My company are looking to deploy dbt - currently just the CLI. I think dbt Cloud looks a lot better, but need some solid evidence and reasoning to convince the business that its the way to go.
Surprisingly, I have not been able to find any articles or discussions comparing the functionality between the two (if anyone has come across one, please share a link). Obviously I know that one is a command line tool and the other has a GUI and an IDE etc, but ease of use alone probably won’t be enough to get buy in. Will we be limited in what we can deploy using dbt CLI? What is the impact of going with one or the other when it comes to running dbt in production?
Has anyone used both and can share their experience? If you favour dbt Cloud, why?
I think this is a great idea for a post, with some considerations though.
- You have to formulate your question again. The decision is about deploying dbt with or without dbt cloud.
- dbt CLI is just another (awesome) feature; even when you’re using dbt cloud, that doesn’t prevent you from using dbt on your own (either on a local machine, or a different computing instance, like a VM or a cluster), through the CLI.
- And yet the question is not easy. There’s many, many considerations around deploying dbt on your own. Just to mention some of them:
- the expertise of the team: i) is the team ready to deal with a virtual machine/cluster? ii) is there any person on the team ready to manage this stuff? ii) is your team already familiar to a scheduler (Airflow, Jenkins, Argo, etc), including maintenance tasks? , iii) is your team ready to manage/use one or multiple virtual python environments?, iv) how are you going to deal with documentation? It requires some effort to find a way to distribute and manage documentation on your own.
- budget: the expected amount to spend on IT resources depends on the stack you choose; be aware of that.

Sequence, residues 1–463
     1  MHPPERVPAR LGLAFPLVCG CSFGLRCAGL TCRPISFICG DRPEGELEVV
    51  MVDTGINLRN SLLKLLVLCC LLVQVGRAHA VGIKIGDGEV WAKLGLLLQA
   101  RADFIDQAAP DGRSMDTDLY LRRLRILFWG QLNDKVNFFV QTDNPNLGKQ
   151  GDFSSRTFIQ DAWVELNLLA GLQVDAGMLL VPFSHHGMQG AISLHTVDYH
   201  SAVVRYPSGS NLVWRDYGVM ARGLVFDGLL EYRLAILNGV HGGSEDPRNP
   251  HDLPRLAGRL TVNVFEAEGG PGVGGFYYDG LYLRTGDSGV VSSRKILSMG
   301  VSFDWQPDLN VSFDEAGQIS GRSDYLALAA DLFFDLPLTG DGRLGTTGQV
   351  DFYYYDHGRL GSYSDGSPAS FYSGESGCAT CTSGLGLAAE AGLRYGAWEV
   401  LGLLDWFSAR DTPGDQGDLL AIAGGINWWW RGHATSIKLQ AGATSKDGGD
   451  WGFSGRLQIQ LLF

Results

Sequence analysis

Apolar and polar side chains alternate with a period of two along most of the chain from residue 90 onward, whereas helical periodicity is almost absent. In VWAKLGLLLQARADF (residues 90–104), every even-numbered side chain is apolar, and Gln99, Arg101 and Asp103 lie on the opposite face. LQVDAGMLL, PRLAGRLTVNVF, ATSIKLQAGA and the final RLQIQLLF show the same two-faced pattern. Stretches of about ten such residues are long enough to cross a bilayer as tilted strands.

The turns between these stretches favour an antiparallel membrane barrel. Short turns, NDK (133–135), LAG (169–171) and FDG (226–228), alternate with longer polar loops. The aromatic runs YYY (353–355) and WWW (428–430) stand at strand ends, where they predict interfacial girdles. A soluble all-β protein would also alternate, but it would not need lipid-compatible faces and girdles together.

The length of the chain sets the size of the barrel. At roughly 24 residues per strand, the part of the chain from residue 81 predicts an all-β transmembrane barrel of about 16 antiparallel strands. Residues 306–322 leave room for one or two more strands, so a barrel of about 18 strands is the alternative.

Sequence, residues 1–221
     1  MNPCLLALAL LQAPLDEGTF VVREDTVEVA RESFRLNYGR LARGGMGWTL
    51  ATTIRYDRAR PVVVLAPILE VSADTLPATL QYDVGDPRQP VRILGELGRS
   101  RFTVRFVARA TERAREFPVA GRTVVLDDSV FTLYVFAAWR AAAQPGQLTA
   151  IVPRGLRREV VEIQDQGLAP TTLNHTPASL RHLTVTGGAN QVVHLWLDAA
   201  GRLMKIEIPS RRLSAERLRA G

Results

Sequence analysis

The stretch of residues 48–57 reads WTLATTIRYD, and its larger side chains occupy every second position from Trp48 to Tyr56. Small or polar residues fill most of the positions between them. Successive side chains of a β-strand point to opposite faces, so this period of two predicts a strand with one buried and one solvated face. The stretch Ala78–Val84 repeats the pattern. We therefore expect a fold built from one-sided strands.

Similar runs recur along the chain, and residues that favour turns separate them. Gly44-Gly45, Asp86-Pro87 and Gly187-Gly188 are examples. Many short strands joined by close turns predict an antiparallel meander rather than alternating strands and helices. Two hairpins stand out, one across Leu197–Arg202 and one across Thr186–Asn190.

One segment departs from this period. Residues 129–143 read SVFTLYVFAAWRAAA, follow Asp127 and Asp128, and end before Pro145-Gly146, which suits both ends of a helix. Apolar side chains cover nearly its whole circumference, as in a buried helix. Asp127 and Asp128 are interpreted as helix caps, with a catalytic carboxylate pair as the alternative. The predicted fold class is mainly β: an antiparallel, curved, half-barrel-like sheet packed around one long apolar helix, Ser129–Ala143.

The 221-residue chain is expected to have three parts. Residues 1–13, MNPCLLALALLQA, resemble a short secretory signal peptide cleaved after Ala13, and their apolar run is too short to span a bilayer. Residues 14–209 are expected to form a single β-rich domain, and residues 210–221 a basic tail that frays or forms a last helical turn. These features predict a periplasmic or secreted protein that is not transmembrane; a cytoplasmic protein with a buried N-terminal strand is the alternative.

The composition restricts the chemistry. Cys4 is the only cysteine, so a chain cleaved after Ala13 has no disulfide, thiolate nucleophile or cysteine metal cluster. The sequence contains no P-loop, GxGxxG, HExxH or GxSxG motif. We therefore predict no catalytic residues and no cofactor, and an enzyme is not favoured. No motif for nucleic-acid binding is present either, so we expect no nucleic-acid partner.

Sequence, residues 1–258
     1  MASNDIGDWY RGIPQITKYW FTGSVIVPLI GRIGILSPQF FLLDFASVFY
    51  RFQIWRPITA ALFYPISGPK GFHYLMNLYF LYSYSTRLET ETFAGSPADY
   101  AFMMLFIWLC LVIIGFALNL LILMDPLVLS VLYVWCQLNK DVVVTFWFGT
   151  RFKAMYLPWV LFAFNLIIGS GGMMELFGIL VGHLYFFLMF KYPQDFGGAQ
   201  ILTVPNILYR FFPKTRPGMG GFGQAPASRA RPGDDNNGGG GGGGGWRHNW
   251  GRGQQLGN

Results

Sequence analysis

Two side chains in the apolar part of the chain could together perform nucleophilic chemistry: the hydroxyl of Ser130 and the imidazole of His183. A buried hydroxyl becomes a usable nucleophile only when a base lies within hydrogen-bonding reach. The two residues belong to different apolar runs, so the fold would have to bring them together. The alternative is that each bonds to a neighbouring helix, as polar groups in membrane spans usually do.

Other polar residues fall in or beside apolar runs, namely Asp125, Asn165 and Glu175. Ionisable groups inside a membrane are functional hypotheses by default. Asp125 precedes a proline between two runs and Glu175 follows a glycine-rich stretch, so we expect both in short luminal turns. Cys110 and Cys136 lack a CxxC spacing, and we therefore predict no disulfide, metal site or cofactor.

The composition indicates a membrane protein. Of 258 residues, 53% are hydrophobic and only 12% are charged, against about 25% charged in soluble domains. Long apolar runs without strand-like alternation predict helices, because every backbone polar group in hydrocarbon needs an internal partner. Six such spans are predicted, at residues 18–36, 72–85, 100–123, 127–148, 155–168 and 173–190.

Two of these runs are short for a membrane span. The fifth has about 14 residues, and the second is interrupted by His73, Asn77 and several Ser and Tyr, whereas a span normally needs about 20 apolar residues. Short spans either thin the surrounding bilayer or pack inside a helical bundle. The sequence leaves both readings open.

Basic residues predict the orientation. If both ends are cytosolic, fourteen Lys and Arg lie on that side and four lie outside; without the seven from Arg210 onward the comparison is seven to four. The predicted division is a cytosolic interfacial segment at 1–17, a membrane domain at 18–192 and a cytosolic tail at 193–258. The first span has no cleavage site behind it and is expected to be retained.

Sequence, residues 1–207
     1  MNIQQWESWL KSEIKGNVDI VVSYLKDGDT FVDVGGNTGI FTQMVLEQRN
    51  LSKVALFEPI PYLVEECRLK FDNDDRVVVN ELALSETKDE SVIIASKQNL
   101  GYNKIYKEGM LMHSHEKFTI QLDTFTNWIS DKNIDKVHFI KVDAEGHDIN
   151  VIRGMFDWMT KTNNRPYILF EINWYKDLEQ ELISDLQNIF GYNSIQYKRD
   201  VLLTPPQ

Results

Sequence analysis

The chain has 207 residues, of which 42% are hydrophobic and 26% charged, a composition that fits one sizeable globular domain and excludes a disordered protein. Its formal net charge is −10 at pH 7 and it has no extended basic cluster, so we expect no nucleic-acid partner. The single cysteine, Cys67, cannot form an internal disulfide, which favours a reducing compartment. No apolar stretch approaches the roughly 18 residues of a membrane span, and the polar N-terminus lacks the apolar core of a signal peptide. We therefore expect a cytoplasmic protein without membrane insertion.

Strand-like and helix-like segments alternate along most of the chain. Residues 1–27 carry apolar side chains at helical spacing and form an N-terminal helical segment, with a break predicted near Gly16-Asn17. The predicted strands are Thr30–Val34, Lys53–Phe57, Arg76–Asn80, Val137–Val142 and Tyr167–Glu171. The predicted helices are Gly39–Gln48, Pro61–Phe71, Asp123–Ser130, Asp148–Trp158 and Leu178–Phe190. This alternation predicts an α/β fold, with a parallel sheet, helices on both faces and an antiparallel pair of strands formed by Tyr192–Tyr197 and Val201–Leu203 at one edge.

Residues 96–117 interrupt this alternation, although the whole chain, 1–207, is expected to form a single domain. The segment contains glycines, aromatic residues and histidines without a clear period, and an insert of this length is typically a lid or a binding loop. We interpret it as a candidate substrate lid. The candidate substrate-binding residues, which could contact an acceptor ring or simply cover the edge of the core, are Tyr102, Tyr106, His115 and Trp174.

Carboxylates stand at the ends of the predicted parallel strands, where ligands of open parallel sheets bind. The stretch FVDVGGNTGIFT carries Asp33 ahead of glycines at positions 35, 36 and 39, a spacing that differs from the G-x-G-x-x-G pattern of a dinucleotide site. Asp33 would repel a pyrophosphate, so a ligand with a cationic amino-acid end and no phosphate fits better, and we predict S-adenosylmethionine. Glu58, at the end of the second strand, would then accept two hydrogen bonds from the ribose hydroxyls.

- time: the learning curve is a bit steep, using dbt cloud makes things way much easier.
Hope this helps you find your own answers.
Agreed with @vurbina
For me, if I have more budget, I will choose dbt Cloud over dbt CLI. Here are my reasons:
- dbt Cloud integrates into the analytics workflow better. When using dbt CLI, we’ll need to switch back and forth between the terminal and the user interface of the data warehouse. — This makes it difficult to maintain the analytics engineering practices in the long run. It would end up with everyone’ll just save their queries in the warehouse.
- We can schedule the dbt commands such as
dbt test or
dbt snapshot in dbt Cloud whereas for dbt CLI we’ll need an extra scheduling tool such as Airflow or Jenkins.
- For the docs, we’ll need to set up a server to host the dbt docs ourselves if we choose dbt CLI whereas dbt Cloud can do it for us.
I agree with the others, I think the right answer is “Both.”
Unless you have another compelling reason to run an orchestrator (e.g., Dagster, Airflow) and you have multiple dependencies between your dbt project and other data pipelines, dbt Cloud is absolutely the right answer for hosting your prod dbt deployment. I think the “Slim CI” functionality alone is worth the price. And if you just run a single seat for your prod deployment, it’s basically free.
The dbt Cloud IDE is okay for development, but if you have a large project or are making a big change you’ll want to develop locally using the CLI. That way, you can use your favorite text editor – VS Code has some great dbt extensions – and any other tool you want, like a linter (sqlfluff is a great choice) and formatter (I created sqlfmt.com for this purpose). In a few years I imagine the Cloud IDE will be so good (and have hooks into other tools) that there will be no reason to develop locally, but realistically in early 2022 it’s not there yet.
Thanks for your response. Can you elaborate on the “Slim CI” functionality you mention?
I understand you can connect to a repo on git and push/pull to a branch from both the CLI and the Cloud interface but I’m not very clear on the difference in CI/CD support.
“CI” is “Continuous Integration.” It’s basically the practice of constantly merging in development code and testing the result before deploying to production. Often this takes the form of tests that run in response to a PR being opened in Github.
The “Slim” part means only testing the changes, rather than rebuilding the whole project to test it. If your project takes an hour to build, this is a key feature to enabling CI.
You can find the docs here: Enabling CI | dbt Docs (getdbt.com)